The bill should be filed Monday, the House should take it up next Wednesday or Thursday (Dec. 12 or 13) and the Senate the day after that. It would have been introduced this week if not for the funeral of President George H.W. Bush, whose death prompted cancellation of votes in the House for the week.
"With any luck it'll be passed by the end of next week, but knowing how things go around here it may drag into the week after," said Peterson, the top Democrat on the House Agriculture Committee.
The five-year bill mostly maintains the status quo in the nation's agriculture industry, but it includes extra help for dairy farmers and a modest expansion of the Conservation Reserve Program (CRP), Peterson said. Republican efforts to overhaul the food stamp program have been mostly unsuccessful, he said.
The bill maintains two programs that offer loss coverage and price guarantees for farmers, and it will allow farmers to switch back and forth between the programs. The draft will also, by a complicated mechanism, guarantee break-even milk prices for dairy farmers with about 240 cows or less.
"They're the ones that need it the worst," Peterson said in a meeting with reporters at Fleming Field in South St. Paul.
The bill also includes $300 million in funding for animal disease detection, protection and preparedness.
Peterson said the bill is far from perfect — he would have liked to set higher crop-price guarantees for farmers — but it was the best politically possible compromise.
"It's a damn wonder we are where we are," Peterson said. "This might be the last farm bill. It just seems like it gets worse every time. The Congress has become more and more urban and suburban. This last election made that even more so. And so the problem is you've got maybe 30 people out of 435 that have enough agriculture in their district to vote for a bill based on what the agriculture part of it is. The rest of them don't understand and don't care."
Asked why he didn't want to wait until next year to finalize a farm bill with a Democratic majority in Congress when he will likely be chairman of the House Agriculture Committee, he said it wouldn't have been to farm states' advantage.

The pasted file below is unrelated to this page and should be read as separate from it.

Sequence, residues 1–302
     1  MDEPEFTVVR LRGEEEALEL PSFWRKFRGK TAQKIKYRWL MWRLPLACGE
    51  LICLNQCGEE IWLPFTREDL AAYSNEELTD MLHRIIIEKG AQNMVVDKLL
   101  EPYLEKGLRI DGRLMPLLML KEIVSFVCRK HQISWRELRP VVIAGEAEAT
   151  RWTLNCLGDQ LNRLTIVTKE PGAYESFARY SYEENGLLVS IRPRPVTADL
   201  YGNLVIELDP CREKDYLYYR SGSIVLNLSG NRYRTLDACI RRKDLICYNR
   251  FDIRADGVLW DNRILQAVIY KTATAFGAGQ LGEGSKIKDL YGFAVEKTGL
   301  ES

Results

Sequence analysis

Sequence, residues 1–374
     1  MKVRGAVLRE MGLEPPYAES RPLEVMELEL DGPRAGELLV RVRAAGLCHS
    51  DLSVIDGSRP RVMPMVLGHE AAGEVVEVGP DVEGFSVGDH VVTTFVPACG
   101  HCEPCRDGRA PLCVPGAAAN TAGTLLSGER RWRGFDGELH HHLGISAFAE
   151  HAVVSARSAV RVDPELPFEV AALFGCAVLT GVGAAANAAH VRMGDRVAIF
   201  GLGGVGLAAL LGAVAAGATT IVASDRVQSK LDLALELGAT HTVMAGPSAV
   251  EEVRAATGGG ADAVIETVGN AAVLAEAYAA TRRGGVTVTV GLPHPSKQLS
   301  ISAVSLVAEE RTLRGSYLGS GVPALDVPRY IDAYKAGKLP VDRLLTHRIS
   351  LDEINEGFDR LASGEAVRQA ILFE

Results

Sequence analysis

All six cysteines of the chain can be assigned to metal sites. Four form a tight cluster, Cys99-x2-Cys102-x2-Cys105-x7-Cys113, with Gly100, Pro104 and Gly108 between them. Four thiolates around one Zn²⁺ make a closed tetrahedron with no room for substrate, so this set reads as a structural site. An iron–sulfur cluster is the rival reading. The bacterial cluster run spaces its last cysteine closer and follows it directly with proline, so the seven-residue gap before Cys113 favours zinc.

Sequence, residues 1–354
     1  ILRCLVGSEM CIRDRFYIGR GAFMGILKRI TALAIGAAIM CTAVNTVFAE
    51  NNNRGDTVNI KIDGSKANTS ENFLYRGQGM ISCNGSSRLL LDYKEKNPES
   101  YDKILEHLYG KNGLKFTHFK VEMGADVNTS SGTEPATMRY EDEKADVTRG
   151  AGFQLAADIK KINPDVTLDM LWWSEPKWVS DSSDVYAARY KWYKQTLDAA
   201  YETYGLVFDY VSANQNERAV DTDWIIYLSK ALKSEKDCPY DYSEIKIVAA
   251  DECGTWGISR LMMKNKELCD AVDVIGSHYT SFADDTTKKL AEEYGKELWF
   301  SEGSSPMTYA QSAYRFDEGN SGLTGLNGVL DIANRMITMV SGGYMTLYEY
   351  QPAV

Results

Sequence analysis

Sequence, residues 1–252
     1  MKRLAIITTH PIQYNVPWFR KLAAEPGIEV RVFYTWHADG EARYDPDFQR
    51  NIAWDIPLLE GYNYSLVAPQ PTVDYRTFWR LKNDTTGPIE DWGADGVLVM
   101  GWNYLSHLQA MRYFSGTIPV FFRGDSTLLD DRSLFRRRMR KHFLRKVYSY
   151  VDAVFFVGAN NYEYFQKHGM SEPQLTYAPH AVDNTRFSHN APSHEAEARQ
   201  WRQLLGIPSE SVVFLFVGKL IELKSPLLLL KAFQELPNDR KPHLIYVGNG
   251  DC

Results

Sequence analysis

"What am I going to do with a Democratic caucus that is 95 percent urban and suburban?" he said.
He said "all the farm groups" are backing the current form of the bill, farmers are anxious for the bill to pass and it wouldn't be "sensible" to walk away now and start again in 2019.
The Conservation Reserve Program, a federal payout to farmers to convert cropland into grassland, will expand by 3 million acres under the bill, Peterson said. Since 2007, Congress has lowered the nationwide cap on acres from 40 million to 24 million, and this would reverse that trend.
Peterson said enough farmers might not be able to get financing for 2019 planting that emergency action from Congress may be necessary next year, but CRP could be part of the solution, as a way to discourage overproduction of low-priced row crops.
"The way we got out of this in the 1980s was 45 million acres of CRP. That's how we got out of low prices," Peterson said. "That's the cheapest way to do it, to take the land out of production."
U.S. Senator Sherrod Brown (D-Ohio), who is a member of the Conference Committee, said he has been fighting to secure several key priorities for Ohioans.
“At the beginning of the year, I pledged to get the Farm Bill done, so that we could provide Ohio farmers with the certainty they deserve,” Brown said. “And I’m proud that this final bipartisan bill will do that. We secured important wins for Ohio dairy farmers, as well as soybean and corn farmers. This final bill will protect funding for critical nutrition programs that feed Ohio families, while also investing in programs to improve water quality in Lake Erie and across the state. Congress should move swiftly so that we can get this bill over the finish line.”
Brown said he has been working to secure the following priorities in the final 2018 Farm Bill:
• Brown’s Local Food and Regional Market Supply (FARMS) Act would provide permanent funding to help farmers sell their products directly to consumers, create rural jobs, and invest in local and regional food economies.
• The Give Our Resources the Opportunity to Work (GROW) legislation would improve water quality in Lake Erie and across Ohio by refocusing federal investments to improve water quality and soil health. These efforts will improve federal conservation programs and better support Ohio farmers by reforming the three largest conservation funding programs to protect waterways while expanding access to quality farmland. It also would reate a new Clean Lakes, Estuaries, and Rivers (CLEAR) program to better promote water quality. This prioritizes enrolling lands in the Conservation Reserve Program that will best prevent runoff and protect water quality. Brown said his amendment would ensure that conservation funding targets the best, highest quality projects that reduce runoff and improve water quality in Lake Erie and across Ohio.
• The Margin Protection Program (MPP) would be replaced with the Dairy Risk Coverage program, which would invest an additional $100 million to improve affordability, flexibility, and effectiveness for Ohio dairy farmers. This would make improvements to dairy programs in order to better target support for small- and medium-sized producers
• The Supplemental Nutrition Assistance Program (SNAP), which benefits hungry families in Ohio, would not face what Brown labeled “harmful eligibility changes that would force working families to jump through unnecessary bureaucratic hoops.”
In August, Brown was appointed to serve as a conferee on the committee tasked with reconciling the differences between the House and Senate versions of the 2018 Farm Bill. Brown is the first Ohioan to serve on the Senate Agriculture Committee in more than 50 years.
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